Have you seen the Queen's Cross Quilt designed by talented Aussie Quilt designer Jen Kingwell ? A few years ago, I learned that she is coming to a quilt shop not far from where I live; I had to sign up. I loved her Queen's Cross quilt; especially the block designs with lots of circles. After the class I was pretty much obsessed with making those blocks. I enjoyed finding fabrics from my scraps, stash and quilt shops. I had so much fun creating different blocks with various combination of colors and patterns.

I decided to make a quilt with just the blocks that I love so much, instead of combining them with other blocks like in the original design. The blocks are all hand pieced and appliqued, but I used my baby lock sewing machine to sew the blocks, borders and sashing together. After hand quilting it, I thought about how I wanted to finish the quilt... should I do a simple binding? I put so much time and effort so far, I wanted to do something very special to finish off the quilt. I decided to add piping!

I have made/used piping for a small project such as pillows and pouches, but I have never done it for a quilt. I was not 100% confident in my abilities to do it, but there is a first time for everything, right? I will share what I did with you.

* You Will Need

Cord of your preference

Fabric strips

Clear thread and regular thread

Zipper foot

* How to

1. I wanted very thin piping, so I bought Dritz's 3/32" cable cord. Then I cut 1 1/4" wide fabric strips from the same fabrics I used in the quilting. You could make the piping from just one fabric, but I was going for a scrappy look for the piping as well. It is a little more work, I knew it would be worth it. I prefer the fabric strips that are cut in bias for binding, but I didn't have enough fabrics. I just cut them with the grain and mitered the ends. I pieced them together long enough to go around the whole quilt.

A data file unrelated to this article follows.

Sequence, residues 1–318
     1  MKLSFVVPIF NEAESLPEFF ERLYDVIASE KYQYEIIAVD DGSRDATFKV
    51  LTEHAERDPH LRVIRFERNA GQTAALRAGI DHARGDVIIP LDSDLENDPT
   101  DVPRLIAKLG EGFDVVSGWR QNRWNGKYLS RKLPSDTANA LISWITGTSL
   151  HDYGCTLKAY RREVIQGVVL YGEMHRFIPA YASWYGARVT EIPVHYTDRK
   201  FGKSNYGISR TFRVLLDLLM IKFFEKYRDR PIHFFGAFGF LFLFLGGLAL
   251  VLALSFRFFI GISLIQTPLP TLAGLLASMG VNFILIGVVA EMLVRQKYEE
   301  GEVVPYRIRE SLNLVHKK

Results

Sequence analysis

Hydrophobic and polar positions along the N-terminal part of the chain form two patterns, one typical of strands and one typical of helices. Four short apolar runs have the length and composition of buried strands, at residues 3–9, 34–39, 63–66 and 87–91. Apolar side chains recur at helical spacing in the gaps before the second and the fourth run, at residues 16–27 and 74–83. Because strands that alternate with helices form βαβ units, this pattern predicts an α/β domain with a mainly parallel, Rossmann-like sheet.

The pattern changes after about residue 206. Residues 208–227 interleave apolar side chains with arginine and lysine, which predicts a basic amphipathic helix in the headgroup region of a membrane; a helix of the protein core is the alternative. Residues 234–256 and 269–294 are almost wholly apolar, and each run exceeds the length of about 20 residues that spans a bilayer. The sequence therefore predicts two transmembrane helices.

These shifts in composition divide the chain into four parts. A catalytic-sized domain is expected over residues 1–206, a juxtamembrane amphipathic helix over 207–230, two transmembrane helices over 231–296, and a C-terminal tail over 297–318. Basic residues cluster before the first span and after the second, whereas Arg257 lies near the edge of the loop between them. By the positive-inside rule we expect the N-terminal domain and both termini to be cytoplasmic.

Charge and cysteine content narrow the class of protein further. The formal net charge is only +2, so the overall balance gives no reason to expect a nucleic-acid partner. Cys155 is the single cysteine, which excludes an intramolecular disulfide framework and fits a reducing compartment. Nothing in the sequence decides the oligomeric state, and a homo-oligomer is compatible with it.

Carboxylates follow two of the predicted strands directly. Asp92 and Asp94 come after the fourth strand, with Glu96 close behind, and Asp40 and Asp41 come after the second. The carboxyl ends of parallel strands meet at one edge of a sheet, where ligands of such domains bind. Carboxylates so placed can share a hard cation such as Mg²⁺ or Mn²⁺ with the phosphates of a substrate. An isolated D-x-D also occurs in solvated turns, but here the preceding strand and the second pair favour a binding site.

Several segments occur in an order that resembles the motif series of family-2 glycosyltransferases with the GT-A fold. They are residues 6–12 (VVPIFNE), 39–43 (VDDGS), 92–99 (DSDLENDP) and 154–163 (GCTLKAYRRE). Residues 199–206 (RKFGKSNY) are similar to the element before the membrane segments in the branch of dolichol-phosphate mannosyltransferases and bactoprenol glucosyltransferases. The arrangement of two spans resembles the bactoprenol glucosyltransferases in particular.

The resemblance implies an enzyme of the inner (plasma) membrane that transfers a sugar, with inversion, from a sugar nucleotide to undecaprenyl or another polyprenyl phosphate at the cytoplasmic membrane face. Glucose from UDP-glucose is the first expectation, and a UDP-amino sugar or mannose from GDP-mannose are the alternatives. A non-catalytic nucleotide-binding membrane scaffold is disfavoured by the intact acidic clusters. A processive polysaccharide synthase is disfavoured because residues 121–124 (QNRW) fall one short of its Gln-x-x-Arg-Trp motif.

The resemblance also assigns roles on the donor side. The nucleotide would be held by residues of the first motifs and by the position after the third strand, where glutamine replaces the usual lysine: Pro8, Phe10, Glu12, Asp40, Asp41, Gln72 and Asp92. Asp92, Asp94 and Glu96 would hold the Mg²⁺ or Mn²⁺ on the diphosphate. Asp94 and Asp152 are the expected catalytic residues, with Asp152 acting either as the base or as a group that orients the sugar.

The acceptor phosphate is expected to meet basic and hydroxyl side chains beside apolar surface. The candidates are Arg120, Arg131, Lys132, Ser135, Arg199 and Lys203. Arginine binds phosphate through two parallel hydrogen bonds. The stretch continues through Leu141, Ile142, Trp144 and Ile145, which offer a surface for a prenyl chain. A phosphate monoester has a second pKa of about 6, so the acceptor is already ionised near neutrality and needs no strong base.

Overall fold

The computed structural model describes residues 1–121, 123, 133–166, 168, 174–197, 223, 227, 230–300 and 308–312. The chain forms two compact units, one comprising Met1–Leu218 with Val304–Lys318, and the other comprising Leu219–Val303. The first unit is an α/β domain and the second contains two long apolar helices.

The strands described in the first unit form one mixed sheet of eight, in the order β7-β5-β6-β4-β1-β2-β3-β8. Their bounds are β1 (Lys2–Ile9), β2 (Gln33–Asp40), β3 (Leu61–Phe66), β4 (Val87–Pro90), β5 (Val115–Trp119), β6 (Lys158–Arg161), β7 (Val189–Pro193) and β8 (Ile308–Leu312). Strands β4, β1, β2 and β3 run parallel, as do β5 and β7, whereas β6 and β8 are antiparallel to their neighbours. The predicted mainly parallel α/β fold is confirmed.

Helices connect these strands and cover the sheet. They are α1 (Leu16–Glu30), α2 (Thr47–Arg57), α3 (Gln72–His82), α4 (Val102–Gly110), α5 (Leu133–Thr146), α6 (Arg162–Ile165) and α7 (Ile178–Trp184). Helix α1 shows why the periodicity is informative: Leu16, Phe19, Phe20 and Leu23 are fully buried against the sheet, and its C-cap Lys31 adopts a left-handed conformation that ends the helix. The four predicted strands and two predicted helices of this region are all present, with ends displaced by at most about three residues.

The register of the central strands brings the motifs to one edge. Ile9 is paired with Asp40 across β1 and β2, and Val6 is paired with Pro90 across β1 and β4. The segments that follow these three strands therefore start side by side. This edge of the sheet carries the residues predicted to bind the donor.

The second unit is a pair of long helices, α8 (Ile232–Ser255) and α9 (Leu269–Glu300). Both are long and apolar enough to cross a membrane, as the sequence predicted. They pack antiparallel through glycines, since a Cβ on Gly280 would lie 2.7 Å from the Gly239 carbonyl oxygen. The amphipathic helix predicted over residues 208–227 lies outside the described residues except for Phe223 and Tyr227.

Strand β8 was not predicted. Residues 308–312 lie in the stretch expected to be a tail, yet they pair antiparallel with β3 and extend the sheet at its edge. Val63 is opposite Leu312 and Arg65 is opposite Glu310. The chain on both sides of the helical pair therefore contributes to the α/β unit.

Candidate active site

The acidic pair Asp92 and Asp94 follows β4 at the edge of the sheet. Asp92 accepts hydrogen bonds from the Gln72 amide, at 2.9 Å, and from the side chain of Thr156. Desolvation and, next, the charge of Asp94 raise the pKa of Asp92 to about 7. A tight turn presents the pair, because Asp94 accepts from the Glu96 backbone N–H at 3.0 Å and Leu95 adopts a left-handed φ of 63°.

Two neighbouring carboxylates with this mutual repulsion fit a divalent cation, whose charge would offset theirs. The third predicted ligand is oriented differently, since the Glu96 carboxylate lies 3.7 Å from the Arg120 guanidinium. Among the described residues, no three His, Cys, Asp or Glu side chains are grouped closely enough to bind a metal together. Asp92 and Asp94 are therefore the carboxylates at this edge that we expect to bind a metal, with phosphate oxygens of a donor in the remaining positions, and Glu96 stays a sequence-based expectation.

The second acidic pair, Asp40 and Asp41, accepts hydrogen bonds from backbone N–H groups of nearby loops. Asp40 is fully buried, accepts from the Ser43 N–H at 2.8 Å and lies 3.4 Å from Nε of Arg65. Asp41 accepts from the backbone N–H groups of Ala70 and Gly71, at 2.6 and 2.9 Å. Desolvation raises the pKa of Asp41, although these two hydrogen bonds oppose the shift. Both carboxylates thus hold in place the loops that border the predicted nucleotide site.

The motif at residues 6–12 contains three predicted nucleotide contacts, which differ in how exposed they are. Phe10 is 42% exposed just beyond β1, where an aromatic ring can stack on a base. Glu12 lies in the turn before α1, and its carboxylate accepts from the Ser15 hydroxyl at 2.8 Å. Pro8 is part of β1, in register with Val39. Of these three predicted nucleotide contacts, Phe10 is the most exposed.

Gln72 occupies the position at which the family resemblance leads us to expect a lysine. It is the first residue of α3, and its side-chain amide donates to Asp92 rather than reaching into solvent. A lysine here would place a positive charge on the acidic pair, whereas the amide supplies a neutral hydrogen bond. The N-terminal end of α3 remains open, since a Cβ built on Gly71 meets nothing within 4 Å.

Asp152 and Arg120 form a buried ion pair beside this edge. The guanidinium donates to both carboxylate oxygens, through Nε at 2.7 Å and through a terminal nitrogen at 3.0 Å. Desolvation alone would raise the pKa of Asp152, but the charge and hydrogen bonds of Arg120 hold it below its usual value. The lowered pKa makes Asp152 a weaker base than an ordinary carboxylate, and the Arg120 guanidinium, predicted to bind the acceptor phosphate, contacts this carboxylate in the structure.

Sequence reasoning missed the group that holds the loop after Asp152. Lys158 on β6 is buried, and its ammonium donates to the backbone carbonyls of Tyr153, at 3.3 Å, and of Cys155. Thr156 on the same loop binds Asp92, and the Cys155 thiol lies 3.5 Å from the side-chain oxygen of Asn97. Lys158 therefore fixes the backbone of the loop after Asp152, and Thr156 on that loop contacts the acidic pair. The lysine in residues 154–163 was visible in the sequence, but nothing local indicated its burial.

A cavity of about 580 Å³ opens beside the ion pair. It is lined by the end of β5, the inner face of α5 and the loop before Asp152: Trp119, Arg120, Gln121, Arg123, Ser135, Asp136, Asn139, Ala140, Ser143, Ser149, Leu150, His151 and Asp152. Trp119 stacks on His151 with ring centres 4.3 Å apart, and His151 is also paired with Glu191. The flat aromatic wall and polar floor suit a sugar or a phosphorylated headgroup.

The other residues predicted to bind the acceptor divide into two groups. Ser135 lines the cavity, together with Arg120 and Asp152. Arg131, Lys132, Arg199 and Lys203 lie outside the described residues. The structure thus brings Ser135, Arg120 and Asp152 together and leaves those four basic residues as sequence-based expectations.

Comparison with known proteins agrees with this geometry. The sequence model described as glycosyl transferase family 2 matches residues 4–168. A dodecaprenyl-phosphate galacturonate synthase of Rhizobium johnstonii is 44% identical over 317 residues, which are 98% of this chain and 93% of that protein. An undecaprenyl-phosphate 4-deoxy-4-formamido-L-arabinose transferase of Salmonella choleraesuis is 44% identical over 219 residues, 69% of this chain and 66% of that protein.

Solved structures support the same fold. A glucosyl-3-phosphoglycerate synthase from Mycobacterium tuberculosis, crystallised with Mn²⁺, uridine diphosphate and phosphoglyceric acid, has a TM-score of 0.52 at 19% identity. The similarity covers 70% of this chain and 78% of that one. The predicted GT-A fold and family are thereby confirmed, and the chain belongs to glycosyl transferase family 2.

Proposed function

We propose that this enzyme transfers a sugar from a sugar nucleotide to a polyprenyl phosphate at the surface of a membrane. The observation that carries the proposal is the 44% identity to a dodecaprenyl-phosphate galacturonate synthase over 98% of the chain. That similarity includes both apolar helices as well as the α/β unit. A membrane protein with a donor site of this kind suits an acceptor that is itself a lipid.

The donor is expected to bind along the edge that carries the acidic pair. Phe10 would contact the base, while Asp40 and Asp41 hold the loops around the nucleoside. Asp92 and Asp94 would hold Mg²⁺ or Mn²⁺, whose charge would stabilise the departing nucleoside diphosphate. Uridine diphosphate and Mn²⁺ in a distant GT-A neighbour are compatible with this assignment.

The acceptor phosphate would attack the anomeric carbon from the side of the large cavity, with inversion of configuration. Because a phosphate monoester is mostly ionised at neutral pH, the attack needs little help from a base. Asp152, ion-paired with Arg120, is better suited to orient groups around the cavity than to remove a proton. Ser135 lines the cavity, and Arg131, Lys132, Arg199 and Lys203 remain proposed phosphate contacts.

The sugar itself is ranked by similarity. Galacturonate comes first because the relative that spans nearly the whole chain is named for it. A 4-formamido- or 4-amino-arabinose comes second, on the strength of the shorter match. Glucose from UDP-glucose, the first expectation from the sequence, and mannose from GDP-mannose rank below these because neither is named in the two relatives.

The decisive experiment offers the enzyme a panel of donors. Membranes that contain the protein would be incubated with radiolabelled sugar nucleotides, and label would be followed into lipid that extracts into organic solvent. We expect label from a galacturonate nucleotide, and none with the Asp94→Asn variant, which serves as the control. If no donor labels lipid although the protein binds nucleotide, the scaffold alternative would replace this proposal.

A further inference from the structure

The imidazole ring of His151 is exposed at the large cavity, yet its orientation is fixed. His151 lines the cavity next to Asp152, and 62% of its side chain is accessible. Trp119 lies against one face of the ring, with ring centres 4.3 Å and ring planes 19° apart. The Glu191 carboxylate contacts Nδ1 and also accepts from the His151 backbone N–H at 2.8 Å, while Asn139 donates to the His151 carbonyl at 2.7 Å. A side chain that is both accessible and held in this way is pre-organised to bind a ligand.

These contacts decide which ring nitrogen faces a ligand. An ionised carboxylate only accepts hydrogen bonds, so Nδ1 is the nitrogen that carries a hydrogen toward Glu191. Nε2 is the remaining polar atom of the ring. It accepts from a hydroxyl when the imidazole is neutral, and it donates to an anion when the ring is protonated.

2. After I pieced the strips, opened the seams and pressed, I folded the fabric strip in half and very LIGHTLY ironed it to just leave a half line mark. The reason for this is that it is easier for me to keep the cord in the middle lining up with the folded line while I sewed the cord in, at the same time keeping the seams lined up nicely together.

3. Attach the Zipper foot to your machine. The zipper foot is one of the feet I use most often. I use it for inserting zippers, snap tape, attaching piping and decorative cording. When you sew, don't sew right up against the cord. It is better to have some "give" when you are sewing the piping to your project.
4. I used clear thread for the top and regular thread for the bottom. I didn't want to find out afterwards that the color of the basting thread doesn't match after I finish sewing the piping onto the quilt. I tried to use clear thread for the bottom as well, but winding the bobbin with clear thread was a nightmare! After reading some posts online about other people's experiences, I decided to use the clear thread just on top.

5. Just keep sewing! You want to go a little slower when you are dealing with clear thread.
Looking at the growing pile is so exciting!
6. I wasn't comfortable sewing the piping and bias tape at the same time, so sewed the piping to the quilt first with the largest stitch setting. Then I sewed the bias tape. I made my bias tape out of 2" wide strips.
Here is the view from the front. Ahhh, so exciting! It is coming together!

7. I like finishing my binding by hand using blind stitch. It is calming to sit and do hand work, at the same time I enjoy feeling anticipation of seeing the finished quilt soon!
Ta-da!
This was definitely a labor intensive quilt for sure from start to finish, but I enjoyed every minute of it. I am going to enjoy looking at it for a while before moving on to my next project.